Barrick Gold Shares Continue to Underperform: Here’s Why
Barrick Gold (NYSE:ABX), the largest gold mining company in the world, has been a disappointment so far this year. With the gold price up nearly 11 percent and the Market Vectors Gold Miner ETF (NYSEARCA:GDX) up over 20 percent, Barrick Gold shares are up a mere 10 percent. While a rising gold price is going to benefit the company and while the company claims that it has some of the lowest costs in the industry, there are reasons that I believe that Barrick Gold shares will continue to underperform the gold price.
First, Barrick Gold has an incredibly large debt load at over $13 billion. This has several negative consequences. First, if the company loses its cash flow due to lower gold prices or a mine shutdown, it can put the company into bankruptcy, which means the stock would be worth essentially nothing. Second, when Barrick brags about its low production costs, it does not include its interest obligations, which reached $800 million in 2013.
With 6.5 million ounces of gold production next year, that means that the company’s debt is adding roughly $123 per ounce of gold produced, which is a lot in this environment. While this number comes down when we consider that some of the cost of servicing this debt can be added to the cost of mining copper, the fact remains that Barrick’s debt load is adding to its overall production costs.
Second, Barrick Gold has been mining more and more copper and less gold. Gold production has fallen from about 7.3 million ounces to 7.2 million ounces year over year, and next year this figure is expected to fall to just over 6.5 million ounces due to divestitures of gold mines. On the other hand, copper production has risen from 472 million pounds in 2012 to 520 million pounds in 2013.
As a result, the company is seeing the weakness in copper prices impact its revenues and profits, and so long as copper prices remain weak, this is going to weigh on Barrick’s share price.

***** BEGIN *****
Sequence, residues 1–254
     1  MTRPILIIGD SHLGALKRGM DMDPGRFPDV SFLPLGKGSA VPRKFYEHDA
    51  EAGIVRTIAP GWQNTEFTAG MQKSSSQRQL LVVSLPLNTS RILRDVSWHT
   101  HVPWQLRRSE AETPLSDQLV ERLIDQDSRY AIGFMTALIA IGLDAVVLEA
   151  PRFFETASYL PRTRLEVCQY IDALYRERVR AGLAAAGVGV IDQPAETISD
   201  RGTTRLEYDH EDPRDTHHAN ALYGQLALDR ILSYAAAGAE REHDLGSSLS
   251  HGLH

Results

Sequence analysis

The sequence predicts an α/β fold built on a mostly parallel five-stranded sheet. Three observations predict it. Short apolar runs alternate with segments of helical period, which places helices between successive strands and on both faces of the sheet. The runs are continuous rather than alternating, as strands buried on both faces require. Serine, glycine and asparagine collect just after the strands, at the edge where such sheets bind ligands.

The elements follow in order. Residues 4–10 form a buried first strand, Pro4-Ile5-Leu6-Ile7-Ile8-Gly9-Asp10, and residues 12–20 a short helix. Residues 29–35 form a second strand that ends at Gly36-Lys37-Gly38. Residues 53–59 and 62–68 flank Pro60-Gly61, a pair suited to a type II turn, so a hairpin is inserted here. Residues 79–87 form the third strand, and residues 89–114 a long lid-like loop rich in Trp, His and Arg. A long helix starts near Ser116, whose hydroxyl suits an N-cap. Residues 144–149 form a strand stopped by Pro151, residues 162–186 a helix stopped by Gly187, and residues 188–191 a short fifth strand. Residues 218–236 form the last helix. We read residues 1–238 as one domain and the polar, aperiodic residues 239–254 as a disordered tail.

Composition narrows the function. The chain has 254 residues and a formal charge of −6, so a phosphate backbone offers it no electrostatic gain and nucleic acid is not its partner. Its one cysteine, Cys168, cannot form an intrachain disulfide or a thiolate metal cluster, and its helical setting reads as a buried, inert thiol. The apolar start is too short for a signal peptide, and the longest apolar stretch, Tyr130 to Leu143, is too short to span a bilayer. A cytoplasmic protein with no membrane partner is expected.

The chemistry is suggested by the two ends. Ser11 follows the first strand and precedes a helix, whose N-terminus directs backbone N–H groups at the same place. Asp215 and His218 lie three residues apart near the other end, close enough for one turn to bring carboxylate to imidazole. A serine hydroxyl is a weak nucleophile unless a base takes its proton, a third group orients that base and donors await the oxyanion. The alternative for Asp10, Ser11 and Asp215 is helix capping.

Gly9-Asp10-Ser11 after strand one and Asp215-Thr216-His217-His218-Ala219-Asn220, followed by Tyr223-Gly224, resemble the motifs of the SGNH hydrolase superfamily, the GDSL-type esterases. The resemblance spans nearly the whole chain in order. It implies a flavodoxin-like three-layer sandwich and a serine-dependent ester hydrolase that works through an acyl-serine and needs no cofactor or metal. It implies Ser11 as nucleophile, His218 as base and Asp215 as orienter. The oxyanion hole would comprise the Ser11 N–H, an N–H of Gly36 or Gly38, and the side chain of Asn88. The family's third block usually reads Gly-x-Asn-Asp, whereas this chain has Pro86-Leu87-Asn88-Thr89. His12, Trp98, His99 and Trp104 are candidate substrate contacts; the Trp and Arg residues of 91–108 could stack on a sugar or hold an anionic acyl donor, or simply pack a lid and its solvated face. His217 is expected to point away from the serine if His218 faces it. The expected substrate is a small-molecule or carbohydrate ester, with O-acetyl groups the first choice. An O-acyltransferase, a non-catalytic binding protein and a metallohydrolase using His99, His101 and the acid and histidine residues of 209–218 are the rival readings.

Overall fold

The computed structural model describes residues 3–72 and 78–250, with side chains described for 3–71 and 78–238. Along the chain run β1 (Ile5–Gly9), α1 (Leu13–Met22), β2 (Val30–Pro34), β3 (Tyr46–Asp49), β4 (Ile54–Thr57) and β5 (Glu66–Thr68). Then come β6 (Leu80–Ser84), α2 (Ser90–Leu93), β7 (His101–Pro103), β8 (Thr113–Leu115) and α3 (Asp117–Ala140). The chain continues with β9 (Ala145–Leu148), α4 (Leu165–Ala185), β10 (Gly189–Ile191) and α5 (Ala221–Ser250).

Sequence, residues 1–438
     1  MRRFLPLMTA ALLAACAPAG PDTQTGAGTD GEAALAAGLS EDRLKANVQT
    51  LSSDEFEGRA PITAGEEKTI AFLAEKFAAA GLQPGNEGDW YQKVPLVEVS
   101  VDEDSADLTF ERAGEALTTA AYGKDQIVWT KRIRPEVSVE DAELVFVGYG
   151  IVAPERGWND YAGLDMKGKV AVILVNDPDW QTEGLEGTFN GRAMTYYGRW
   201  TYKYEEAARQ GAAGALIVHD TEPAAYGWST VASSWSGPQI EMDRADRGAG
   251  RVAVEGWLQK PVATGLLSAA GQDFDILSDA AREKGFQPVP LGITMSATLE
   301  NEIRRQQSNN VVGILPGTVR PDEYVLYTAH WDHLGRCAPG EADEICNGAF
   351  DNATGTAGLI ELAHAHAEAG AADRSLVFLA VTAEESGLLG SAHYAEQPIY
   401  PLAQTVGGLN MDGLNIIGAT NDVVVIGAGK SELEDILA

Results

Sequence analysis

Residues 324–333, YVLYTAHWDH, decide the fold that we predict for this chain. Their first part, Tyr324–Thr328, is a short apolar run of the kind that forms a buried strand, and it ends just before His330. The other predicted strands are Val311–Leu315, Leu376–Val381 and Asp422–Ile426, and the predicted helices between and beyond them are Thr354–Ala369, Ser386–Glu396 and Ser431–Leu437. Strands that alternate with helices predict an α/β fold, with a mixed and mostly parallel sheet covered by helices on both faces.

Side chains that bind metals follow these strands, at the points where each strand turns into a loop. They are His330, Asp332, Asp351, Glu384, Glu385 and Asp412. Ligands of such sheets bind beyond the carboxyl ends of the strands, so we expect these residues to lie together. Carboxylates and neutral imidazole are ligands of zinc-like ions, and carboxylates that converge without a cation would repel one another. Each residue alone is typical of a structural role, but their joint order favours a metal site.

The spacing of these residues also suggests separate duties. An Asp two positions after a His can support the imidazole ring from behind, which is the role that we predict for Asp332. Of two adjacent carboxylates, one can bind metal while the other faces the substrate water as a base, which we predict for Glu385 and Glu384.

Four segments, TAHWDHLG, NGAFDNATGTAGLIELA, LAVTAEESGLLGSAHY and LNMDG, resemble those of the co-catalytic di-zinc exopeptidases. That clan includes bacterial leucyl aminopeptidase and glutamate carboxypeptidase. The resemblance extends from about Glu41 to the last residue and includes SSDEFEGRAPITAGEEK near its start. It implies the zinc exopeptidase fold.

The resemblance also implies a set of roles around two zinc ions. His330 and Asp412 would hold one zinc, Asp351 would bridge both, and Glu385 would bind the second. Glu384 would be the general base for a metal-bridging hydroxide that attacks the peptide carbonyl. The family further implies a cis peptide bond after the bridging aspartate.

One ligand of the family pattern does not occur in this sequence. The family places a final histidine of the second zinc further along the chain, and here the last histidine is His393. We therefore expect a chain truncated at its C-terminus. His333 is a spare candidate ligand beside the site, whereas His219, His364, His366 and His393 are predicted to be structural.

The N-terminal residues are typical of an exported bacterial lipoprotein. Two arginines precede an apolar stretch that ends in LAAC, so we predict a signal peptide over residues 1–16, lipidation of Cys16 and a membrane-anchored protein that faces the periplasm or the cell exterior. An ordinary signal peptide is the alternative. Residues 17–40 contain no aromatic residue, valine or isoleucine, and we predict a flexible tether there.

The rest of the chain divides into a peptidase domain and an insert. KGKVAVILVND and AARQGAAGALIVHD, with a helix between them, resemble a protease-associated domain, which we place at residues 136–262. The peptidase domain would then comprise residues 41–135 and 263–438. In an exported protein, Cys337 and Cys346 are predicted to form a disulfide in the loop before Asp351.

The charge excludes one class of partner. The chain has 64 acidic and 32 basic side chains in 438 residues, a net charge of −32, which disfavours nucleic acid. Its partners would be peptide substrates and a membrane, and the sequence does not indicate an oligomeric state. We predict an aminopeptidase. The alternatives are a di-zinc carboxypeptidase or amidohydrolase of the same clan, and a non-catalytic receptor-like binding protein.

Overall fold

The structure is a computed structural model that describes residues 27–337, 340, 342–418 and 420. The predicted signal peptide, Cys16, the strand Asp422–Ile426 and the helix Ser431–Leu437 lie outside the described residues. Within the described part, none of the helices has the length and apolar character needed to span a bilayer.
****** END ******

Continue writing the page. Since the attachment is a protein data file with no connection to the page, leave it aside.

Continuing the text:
Third, last year the company issued 164 million shares. While it used some of the proceeds to pay back debt (the debt load was as high as $15.7 billion last year) the fact remains that there are more shares outstanding. Therefore each share represents a smaller portion of the company. Furthermore, given the increased supply of Barrick’s stock, these additional shares are likely putting pressure on the price. It is going to take a while for this $3 billion worth of stock to find homes among long-term investors, and so this increased supply will continue to weigh on Barrick’s share price.
Fourth, the company has been divesting quality assets. Last year it divested the profitable Yilgarn mines in Australia. Not only were these mines profitable, but Australia is one of the safest places to mine. Even when Barrick divested some of its higher-risk assets — for instance, a part of its stake in African Barrick, a mining company operating in Kenya and Tanzania — it does so at an inopportune time, when the share price was low, and it only divested a small portion of its holdings, at $188 million.
With these points in mind Barrick Gold’s underperformance is justified, and I think it is set to continue. The company needs to change its mindset to get me interested. Here are a few things that I will be looking for that would get me interested in Barrick Gold shares.
First, the company needs to reduce its debt significantly. This will be painful for current shareholders, but it will benefit the company longer term.
Second, the company needs to devote itself to gold and divest its copper and other base metal assets. While this is a personal preference given that I am bullish on gold and neutral to slightly bearish on copper, I think if Barrick does this its management will be able to show investors that it is a focused and disciplined company. Some of the company’s copper projects, notably the Equinox project, have been extremely disappointing and led to the destruction of shareholder value.
Third, the company needs to come up with a realistic growth plan. Gold production has been shrinking, and this is unacceptable for a company as large as Barrick. Barrick has the cash flow and the expertise available to make accretive acquisitions and to explore its vast land holdings in order to grow production.
In doing these three things, Barrick won’t turn its business around immediately. In fact, given the costs that the company will incur, the share price could languish at first. But in doing one or more of these things I think management will be sending a clear signal that the culture that has led to value destruction in the past is a thing of the past.
Disclosure: Ben Kramer-Miller has no position in Barrick Gold.